2. PCI-DSS 4.0: The Payment Card Industry Data Security Standard version 4.0 is the latest update to security standards for organizations handling branded credit cards. It focuses on protecting cardholder data and ensuring secure payment environments, emphasizing continuous monitoring and adapting to new threats.
  3. NIS2 Directive: A proposed EU regulation to replace the existing NIS Directive, aiming to increase security requirements for digital services, expand critical sectors, and enforce stricter supervisory measures and information sharing among EU member states.
  4. Digital Operational Resilience Act: Part of the EU’s strategy to strengthen cybersecurity in the financial sector, ensuring that all participants have safeguards in place to mitigate cyberattacks and other risks.
  5. MAS Cybersecurity: The Monetary Authority of Singapore’s cybersecurity framework outlines guidelines for financial institutions in Singapore, emphasizing robust security measures, risk assessments, and cybersecurity governance.
  6. Essential Eight: Cybersecurity strategies recommended by the Australian Cyber Security Centre, providing baseline cyber defense strategies for organizations. It includes strategies such as application control, patch applications, and multi-factor authentication.
  7. UK Telecommunications Security Framework: Sets enhanced security requirements for UK telecommunications providers to strengthen the security and resilience of public telecommunication networks and services against disruptions and cyber threats.
  8. Cybersecurity Code of Practice for Critical Information Infrastructure 2.0: Designed to protect critical information infrastructure in various sectors, outlining best practices and standards for securing digital assets against cyber threats.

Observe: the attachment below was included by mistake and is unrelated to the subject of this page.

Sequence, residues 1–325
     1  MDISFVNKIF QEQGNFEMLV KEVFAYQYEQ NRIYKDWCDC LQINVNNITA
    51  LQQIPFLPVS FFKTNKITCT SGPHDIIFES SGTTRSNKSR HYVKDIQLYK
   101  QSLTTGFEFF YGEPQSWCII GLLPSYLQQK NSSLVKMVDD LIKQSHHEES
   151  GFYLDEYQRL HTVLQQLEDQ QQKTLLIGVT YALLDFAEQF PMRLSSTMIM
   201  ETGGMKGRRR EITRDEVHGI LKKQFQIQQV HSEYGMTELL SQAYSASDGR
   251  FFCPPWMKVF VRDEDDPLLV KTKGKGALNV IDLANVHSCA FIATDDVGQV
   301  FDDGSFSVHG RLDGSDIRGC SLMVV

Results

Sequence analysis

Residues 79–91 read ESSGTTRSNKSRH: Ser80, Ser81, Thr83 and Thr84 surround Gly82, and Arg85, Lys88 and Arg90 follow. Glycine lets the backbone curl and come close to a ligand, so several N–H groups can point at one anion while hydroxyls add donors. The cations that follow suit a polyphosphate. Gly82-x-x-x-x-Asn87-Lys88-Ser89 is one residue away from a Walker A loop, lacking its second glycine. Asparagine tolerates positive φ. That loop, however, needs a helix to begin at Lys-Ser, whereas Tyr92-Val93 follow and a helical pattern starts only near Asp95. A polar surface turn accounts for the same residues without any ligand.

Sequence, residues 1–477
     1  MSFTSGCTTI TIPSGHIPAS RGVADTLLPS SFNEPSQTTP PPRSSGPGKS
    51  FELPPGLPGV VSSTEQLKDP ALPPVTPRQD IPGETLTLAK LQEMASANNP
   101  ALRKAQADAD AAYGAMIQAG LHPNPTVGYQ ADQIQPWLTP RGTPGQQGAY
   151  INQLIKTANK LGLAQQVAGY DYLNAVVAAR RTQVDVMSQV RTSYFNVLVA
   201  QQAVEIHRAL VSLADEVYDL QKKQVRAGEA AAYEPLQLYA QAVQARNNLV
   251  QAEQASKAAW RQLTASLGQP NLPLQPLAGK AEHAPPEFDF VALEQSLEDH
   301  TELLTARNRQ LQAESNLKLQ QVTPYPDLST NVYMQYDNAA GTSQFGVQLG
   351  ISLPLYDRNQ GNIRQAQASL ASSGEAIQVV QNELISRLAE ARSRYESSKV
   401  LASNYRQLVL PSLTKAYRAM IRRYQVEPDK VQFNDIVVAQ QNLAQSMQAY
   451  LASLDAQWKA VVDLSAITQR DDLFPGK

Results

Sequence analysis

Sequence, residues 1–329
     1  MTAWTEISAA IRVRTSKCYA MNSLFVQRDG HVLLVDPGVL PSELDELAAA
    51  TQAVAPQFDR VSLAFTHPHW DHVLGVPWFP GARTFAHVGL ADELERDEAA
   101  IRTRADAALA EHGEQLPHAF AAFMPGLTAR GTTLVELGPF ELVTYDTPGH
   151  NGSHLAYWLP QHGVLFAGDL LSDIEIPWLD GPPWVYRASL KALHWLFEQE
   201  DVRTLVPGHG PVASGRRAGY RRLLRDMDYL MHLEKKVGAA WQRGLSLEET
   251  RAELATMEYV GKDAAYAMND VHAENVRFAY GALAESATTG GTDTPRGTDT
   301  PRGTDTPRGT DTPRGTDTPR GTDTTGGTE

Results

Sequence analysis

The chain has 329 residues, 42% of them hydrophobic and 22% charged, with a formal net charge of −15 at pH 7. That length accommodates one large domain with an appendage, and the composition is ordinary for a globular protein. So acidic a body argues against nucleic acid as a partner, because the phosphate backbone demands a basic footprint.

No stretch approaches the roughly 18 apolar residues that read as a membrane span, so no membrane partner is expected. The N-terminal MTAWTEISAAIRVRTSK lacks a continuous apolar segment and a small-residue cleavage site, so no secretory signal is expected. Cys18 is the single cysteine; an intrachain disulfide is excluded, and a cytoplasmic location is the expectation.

9. UK Cyber Essentials and Cyber Essentials Plus: UK government-backed schemes to help organizations protect against common cyber attacks. Cyber Essentials focuses on basic cyber hygiene controls, while Cyber Essentials Plus involves higher assurance through independent testing of cyber security measures.

Staying up-to-date with compliance standards relevant to an organization’s industry and geography is crucial for cyber security professionals to understand. Compliance violations can lead to legal penalties, financial loss, and damage to an organization’s reputation. Proactively building a compliance program and validating compliance through audits and assessments is key to mitigating these risks.

Responsibilities in Cyber Security Compliance

Compliance helps reduce risk, enforce security standards, and ensure the confidentiality, integrity, and availability of data and IT systems. The key responsibilities in cyber security compliance include:

  • Conducting risk assessments to identify vulnerabilities, threats, and their potential impacts. Risk assessments examine an organization’s sensitive data, critical systems, and security controls to determine the likelihood and severity of cyber threats. The results are used to prioritize risks and implement appropriate safeguards.
  • Developing and enforcing security policies, standards, procedures, and controls. These cyber security frameworks establish rules around data protection, access management, security monitoring, incident response, and other areas. They must align with legal, regulatory, and contractual obligations. Continuously reviewing and updating policies and procedures is necessary to account for changes in technology, regulations, business operations, and the threat landscape.
  • Monitoring networks, systems, and user activity for security events and compliance violations. Continuous monitoring helps quickly detect compromises, data breaches, unauthorized access, malware infections, and other issues. It requires using log analysis tools, security information and event management (SIEM) solutions, data loss prevention (DLP) systems, and other technologies to collect, analyze, and alert on security data.